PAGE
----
Vaping among American teenagers increased dramatically in 2018, with nearly two of every five high school seniors reporting they had tried an electronic cigarette during the past year, according to the latest Monitoring the Future survey funded by the U.S. National Institute on Drug Abuse.
About 37 percent of 12th graders said they had vaped within the previous 12 months compared with about 28 percent in 2017. Vaping rates also increased by about one-third in younger teens, with about 18 percent of eighth graders and 32 percent of 10th graders reporting they had tried e-cigarettes in 2018. After alcohol, vaping is the second-most common form of substance use in the United States, the survey revealed. However, marijuana use remains steady among high schoolers, with nearly 6 percent of 12th graders reporting daily use. For the past two decades, daily use among high school seniors has hovered between 5 and 6.6 percent.
The survey also showed that smoking is at an all-time low, with only about 4 percent of high school seniors smoking daily compared with 22 percent two decades ago. Prescription opioid use (such as OxyContin or Vicodin) has declined to about 3 percent among 12th graders. Only 1.7 percent of seniors reported misuse of Vicodin in the past year compared with 10 percent 15 years ago. Alcohol use also has declined. About 17 percent of high school seniors reported being drunk during the past month, down from 26 percent five years ago. Fewer teens reported binge drinking (five or more drinks in a row). About 14 percent of 12th graders said they had recently engaged in binge drinking, down from 17 percent in 2017 and the all-time high of 31 percent in 1998.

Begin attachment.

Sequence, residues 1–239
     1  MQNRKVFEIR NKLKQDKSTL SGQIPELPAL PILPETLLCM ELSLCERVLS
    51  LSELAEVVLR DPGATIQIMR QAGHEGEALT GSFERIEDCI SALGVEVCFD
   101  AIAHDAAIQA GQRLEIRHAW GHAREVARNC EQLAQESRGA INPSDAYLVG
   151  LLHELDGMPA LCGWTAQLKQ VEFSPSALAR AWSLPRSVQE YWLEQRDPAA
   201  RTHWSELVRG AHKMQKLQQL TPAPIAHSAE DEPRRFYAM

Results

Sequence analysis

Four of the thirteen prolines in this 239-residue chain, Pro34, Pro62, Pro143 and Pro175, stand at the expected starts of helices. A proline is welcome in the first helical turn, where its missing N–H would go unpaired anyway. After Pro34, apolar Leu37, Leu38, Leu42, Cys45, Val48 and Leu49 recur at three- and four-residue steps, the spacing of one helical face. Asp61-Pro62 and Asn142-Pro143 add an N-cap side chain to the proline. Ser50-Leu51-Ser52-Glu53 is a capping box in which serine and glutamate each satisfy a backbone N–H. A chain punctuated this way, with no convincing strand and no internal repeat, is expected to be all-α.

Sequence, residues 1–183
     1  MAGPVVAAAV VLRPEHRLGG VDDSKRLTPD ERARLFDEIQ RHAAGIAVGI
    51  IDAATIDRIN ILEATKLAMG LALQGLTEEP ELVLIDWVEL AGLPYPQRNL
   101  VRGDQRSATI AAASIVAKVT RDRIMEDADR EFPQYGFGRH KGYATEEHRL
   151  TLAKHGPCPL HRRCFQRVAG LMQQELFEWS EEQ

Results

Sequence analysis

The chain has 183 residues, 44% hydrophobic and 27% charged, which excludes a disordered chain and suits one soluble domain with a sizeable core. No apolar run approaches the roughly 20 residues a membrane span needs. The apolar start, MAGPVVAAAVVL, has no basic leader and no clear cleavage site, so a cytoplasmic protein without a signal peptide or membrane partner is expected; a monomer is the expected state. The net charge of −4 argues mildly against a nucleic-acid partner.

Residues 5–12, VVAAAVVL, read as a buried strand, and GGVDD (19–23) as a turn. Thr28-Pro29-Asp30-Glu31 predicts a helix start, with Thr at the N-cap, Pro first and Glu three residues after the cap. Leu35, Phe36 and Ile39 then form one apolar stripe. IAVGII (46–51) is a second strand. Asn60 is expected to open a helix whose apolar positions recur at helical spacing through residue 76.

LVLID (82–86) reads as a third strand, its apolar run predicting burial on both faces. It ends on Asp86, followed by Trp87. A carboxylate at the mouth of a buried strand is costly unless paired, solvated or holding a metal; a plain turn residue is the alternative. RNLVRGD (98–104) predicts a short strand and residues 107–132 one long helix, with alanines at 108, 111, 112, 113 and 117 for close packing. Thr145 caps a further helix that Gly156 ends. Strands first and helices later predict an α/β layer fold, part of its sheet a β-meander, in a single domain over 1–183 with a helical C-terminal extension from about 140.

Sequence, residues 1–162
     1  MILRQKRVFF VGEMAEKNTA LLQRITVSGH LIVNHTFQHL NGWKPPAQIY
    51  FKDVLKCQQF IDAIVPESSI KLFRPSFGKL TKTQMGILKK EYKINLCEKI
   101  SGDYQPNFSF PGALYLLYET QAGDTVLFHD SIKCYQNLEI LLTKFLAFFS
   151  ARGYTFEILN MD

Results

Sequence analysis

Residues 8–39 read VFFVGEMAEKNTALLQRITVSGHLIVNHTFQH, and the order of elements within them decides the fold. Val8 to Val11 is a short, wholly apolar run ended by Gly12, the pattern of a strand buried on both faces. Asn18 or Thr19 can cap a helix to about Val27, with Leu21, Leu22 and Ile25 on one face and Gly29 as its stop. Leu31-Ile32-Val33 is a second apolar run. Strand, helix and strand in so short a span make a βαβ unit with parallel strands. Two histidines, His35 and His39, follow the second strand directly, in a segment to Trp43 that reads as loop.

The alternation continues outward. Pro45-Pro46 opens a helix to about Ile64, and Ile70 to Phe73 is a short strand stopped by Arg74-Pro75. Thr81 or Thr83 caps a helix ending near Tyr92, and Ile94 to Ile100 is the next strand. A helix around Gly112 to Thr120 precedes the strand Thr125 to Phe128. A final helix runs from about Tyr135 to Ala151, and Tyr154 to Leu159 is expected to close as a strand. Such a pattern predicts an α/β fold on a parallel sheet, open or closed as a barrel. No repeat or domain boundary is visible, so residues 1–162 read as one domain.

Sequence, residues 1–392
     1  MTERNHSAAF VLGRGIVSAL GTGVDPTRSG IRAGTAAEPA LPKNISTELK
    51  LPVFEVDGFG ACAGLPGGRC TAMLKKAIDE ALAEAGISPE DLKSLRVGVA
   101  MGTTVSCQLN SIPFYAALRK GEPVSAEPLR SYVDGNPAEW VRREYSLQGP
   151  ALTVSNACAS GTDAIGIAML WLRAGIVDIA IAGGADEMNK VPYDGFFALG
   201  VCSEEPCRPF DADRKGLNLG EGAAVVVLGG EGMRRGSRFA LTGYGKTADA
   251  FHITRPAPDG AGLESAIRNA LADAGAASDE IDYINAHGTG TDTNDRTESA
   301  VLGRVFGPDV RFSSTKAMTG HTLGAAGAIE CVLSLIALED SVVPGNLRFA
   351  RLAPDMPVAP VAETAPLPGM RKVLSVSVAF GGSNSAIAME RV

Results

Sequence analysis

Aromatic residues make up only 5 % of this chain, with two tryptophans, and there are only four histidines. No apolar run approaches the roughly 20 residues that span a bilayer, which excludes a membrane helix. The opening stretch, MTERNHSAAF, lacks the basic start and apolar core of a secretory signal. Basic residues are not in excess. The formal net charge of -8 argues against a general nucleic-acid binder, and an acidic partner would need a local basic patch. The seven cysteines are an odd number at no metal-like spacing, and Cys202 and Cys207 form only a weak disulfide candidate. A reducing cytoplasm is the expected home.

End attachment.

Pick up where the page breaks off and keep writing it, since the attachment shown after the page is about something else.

"We are encouraged to see continued declines in a variety of measures of underage alcohol use," George F. Koob, Ph.D., director of the National Institute on Alcohol Abuse and Alcoholism, said in a statement. "The new data, however, underscore that far too many young people continue to drink at a time in their lives when their brains and bodies are quite vulnerable to alcohol-related harms."